CES 2004- From the ears of Srajan Ebaen
With the French Metronome player, my second favorite room didn't sport the kind of no-compromise digital front-end the Audiopax exhibit benefitted from but seduced Ivette and me with a very similar, full-body flavor of transportation to elsewhere. It's that very real, very personal destination which the opening page of our site celebrates as the real reason why our audiophile species refuses to go extinct despite the global meteor-hit crisis of Home Theater and surround sound. To reiterate, we're not merely talking good sound which many rooms got right -- proper grammar, proper enunciation, even Movable Feast Hemingway-style profundity of message -- but also the consummate delivery of a master reader/orator whose special emphasis on certain words, certain pauses weaves the spell and uncovers new meaning, hidden connections, greater context: The Alon by Acarian/DeHavilland/Ampex/Prana Wire room in the second-to-last building of the right block in the Alexis Park.
Designer Kara Chaffee (how many women do you know who are actively involved in High-End audio like Kathy Gornik of Thiel; much less design amplifiers, personally, and are bona fide engineers?) - Kara and George Kielczynski from the DeHavilland amplifier company have hit the proverbial gold mine with their 60-watt GM-70 based high-power single-ended amplifier. Just as during HE2003, teaming up with Carl Marchisotto's Alon Lotus SE dual-woofer three-ways and Joe Cohen's Prana cables proved the winning ticket. Alas, the special treat here was an Ampex 351-2 open-reel and a bevy of tapes Kara had amassed in a collector's frenzy shopping spree just prior to CES. And just as with our next room, these show-savvy exhibitors opted for an unconventional layout which was "mildly diagonal". It arrayed the system not at a sharp 45-degree slant but probably something closer to the vicinity of 21° as you can see above. It worked like a charm!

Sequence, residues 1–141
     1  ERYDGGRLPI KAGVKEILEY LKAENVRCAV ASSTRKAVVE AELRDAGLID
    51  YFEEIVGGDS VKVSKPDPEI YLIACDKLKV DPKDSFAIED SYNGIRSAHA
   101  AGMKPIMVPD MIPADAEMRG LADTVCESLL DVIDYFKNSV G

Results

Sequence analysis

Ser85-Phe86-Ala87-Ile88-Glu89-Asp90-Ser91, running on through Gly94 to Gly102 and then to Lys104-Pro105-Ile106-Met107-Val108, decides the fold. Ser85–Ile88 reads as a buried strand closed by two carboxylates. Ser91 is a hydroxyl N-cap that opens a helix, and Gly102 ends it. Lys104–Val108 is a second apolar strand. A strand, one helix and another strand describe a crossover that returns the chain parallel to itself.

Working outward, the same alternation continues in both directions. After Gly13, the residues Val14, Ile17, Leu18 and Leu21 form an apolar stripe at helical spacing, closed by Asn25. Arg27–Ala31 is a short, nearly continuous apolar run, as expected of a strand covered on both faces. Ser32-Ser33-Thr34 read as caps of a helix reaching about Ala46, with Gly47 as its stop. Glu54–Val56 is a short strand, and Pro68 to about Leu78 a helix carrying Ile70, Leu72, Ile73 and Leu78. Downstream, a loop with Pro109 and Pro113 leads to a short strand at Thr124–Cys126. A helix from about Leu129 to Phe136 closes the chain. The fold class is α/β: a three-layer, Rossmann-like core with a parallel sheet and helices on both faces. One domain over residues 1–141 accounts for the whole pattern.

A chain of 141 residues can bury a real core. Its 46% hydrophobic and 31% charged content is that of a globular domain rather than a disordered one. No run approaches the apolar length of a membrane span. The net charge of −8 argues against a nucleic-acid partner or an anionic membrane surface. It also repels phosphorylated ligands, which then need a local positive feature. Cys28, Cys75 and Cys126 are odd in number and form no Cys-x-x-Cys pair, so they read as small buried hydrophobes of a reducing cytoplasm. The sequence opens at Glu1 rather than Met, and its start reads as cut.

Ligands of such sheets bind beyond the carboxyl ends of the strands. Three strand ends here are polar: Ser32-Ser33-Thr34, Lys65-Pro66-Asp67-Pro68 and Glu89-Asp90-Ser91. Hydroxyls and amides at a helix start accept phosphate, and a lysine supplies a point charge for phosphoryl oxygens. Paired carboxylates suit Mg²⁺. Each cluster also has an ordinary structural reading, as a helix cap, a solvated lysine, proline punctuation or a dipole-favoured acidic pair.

Displaying their new custom tube socket for
the GM-70 power triode, I asked George to "look stupid" for a mug
shot which prompted uproarious laughter from onlookers as our eager-to-please
comedian went through a kaleidoscope of elastic funny faces. To top it off,
George then performed a killer impression of a washed-up Las Vegas lounge
lizard, lip-syncing to a Sinatra tape in his trench coat, dragging on an
imaginary cigarette while lazily holding an invisible microphone. Who sez CES
can't be fun? The major news for DeHavilland was a new 845-based stereo
amplifier [$4,000, 25wpc, above right in pre-production livery] which will
have to battle Art Audio's $3,995 Carissa for the champion's trophy in the
affordable 845 SET arena.
DeHavilland always uses a lot of premium iron and chokes in their amplifiers. While their aesthetics aren't as debonair as those of the cosmetic design team around Joe Fratus, their no-nonsense construction and stellar sonics are truly first-rate. Not to put too fine a point on it, component synergy and room compatibility are deal makers or breakers especially at CES where the very temporariness and unforeseeable variables of the situation make real-world smarts more vital than ever. Once you've hit upon a copasetic recipe like DeHavilland has with Prana and Alon or Rethm, you'd be foolish to mess with success. Or, as wily Lloyd Walker loves to put it, the sure way to lose an erection is to f - - - with it. Clearly, this room didn't. Grow wood, don't chop it down. My compliments to everyone involved.
Complete report at http://www.6moons.com/industryfeatures/ces04/ces04_2.html